Editor’s Note: James A. Barnes is a member of the CNN Decision Desk and co-author of the 2018 Almanac of American Politics.
Democrat Ralph Northam’s convincing 54%-45% victory over Republican Ed Gillespie in the Virginia governor’s race underscores the challenge that many GOP candidates may face in urban and suburban communities in the midterm elections next year, especially if President Donald Trump’s popularity continues to sag.
According to a CNN exit poll of Virginia voters after they cast their ballots, nearly 3 out of 5 disapproved of the job that Trump is doing. That is almost identical to President Barack Obama’s negative standing among Virginia voters in 2014, when Gillespie, then the Republican nominee for Senate, came within 22,000 votes, less than a percentage point, of upsetting the popular Democratic incumbent, Mark Warner. With nearly all the precincts reporting, Gillespie lost to Northam by more than 232,000 votes.
Nowhere was the metropolitan advantage greater for Northam than in the Northern Virginia suburbs of Washington DC. Overall, the Democrat won nearly 68% of the vote, eclipsing the 64% mark set by Hillary Clinton in last year’s presidential race and easily exceeding the 57% that Warner captured in 2014 and the 58% that Democrat Terry McAuliffe scored when he won the 2013 gubernatorial contest. Moreover, turnout rose in Northern Virginia in relation to the rest of the state: the region, which includes Arlington, Fairfax, Loudoun and Prince William Counties, and the Democratic bastion of Alexandria, accounted for roughly 30% of the statewide vote, up from 28% in the 2013 governor’s race. Gillespie’s 31% showing in Fairfax, the largest vote-producing county in the state, is not only less than his 40% tally in 2014, it’s less than the 36% that Republican Ken Cuccinelli, a conservative hard-liner, garnered in the 2013 gubernatorial contest.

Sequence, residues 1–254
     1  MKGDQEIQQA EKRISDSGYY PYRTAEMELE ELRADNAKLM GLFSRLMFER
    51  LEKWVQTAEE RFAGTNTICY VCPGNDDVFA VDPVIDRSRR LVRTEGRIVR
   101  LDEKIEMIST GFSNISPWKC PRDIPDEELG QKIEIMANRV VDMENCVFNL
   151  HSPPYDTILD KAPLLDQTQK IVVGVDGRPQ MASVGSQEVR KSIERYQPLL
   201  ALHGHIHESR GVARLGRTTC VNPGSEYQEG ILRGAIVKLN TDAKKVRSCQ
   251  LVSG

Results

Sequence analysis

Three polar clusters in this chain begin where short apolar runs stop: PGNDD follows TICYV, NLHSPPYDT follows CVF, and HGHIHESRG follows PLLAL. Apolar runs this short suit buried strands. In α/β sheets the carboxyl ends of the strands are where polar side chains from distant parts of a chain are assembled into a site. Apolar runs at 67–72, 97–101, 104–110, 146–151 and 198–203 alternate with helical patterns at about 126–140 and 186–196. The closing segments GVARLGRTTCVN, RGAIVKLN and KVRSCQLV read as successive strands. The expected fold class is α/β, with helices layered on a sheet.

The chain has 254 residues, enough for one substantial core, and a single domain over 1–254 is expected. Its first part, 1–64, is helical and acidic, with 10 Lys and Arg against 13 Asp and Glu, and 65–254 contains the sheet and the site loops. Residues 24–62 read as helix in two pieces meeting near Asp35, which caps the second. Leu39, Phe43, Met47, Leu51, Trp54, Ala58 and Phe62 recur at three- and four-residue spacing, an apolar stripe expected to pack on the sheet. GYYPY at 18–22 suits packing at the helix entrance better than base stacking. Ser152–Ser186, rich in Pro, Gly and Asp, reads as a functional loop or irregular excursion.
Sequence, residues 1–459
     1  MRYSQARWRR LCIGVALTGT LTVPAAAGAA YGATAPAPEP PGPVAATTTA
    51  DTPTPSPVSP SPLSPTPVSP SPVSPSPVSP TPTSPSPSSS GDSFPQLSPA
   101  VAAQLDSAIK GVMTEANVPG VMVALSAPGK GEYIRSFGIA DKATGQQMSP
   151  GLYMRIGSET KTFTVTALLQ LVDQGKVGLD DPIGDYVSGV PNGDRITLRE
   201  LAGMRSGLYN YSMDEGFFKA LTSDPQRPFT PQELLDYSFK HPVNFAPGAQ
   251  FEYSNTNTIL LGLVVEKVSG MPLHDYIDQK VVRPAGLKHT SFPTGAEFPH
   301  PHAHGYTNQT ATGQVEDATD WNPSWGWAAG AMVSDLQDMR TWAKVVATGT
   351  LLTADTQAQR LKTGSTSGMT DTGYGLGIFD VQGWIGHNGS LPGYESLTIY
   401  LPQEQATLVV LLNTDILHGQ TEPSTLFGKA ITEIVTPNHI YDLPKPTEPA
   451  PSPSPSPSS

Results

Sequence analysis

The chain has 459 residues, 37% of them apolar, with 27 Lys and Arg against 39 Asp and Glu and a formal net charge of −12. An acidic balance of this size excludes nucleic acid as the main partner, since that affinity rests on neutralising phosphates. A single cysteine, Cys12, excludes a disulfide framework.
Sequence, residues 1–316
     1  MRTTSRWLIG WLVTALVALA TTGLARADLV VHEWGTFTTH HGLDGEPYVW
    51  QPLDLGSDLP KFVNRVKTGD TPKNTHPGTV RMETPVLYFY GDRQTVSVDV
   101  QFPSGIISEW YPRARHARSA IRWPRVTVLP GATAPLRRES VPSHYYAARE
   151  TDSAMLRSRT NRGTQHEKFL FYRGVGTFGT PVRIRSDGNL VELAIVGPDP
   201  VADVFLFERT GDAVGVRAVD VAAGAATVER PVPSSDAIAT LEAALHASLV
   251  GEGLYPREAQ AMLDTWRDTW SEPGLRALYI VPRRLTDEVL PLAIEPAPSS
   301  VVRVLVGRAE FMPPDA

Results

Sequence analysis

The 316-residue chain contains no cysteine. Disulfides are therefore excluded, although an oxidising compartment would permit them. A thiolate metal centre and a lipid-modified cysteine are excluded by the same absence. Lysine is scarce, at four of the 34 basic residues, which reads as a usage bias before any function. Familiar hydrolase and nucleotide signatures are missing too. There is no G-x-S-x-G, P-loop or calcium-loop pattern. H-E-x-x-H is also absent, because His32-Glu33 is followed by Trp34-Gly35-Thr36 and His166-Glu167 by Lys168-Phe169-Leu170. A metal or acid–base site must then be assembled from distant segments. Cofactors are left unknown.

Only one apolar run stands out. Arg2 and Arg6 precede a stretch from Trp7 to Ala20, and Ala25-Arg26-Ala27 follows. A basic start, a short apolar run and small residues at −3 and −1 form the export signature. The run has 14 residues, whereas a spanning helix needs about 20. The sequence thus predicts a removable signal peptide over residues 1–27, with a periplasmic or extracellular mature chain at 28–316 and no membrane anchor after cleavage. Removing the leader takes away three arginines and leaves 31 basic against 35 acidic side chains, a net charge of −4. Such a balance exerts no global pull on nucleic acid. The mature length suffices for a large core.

In Loudoun and Prince William, Northam bested Gillespie, 60%-40% and 61%-38%, respectively. In his 2014 Senate race, Gillespie narrowly won Loudoun with 49% of the vote and was bested by Warner in Prince William by only 50-48%. Even in the distant exurbs of Stafford County, which Virginia Republicans have won by commanding margins in recent years, Gillespie only edged Northam by 52%-47%.
But the blue tide in the suburbs and exurbs extended well beyond the Capital Beltway. In the Hampton Roads area, which includes Norfolk and Virginia Beach, Northam defeated Gillespie 60%-38%, again besting the margins scored by Clinton, Warner and McAuliffe. Northam became the first top statewide Democratic candidate to carry both of the suburban battlegrounds of Chesapeake and Virginia Beach in a non-presidential year (when Democratic turnout traditionally ebbs) since Democrat Tim Kaine captured the governorship in 2005.
Even in metro areas in rural parts of the state, Northam performed exceeding well. In the city of Harrisonburg, in the heart of the Shenandoah Valley and in the middle of ruby red Rockingham County, Northam won 64%-35%. And while Harrisonburg is Democratic turf, it saw the largest Democratic gain on a percentage point basis (11.2) of any city or county in Virginia over the party’s performance in the 2013 governor’s race. And in Chesterfield County, the Republican suburbs of Richmond that GOP candidates usually carry with ease, Gillespie barely won by less than 300 votes.
Gillespie did perform well in rural counties in western and central Virginia, but even here there was a downside. In the 15 counties where Democratic percentages fell the most from the 2013 governor’s race, all in the mountain west region of the state, only one, Lee County in the extreme southwest corner of the state, saw its total vote tally noticeably rise from 2013. In all the rest, the total vote was flat or fell slightly. This was one election where rural voters could not save a Republican who was hemorrhaging votes all across the metropolitan landscape.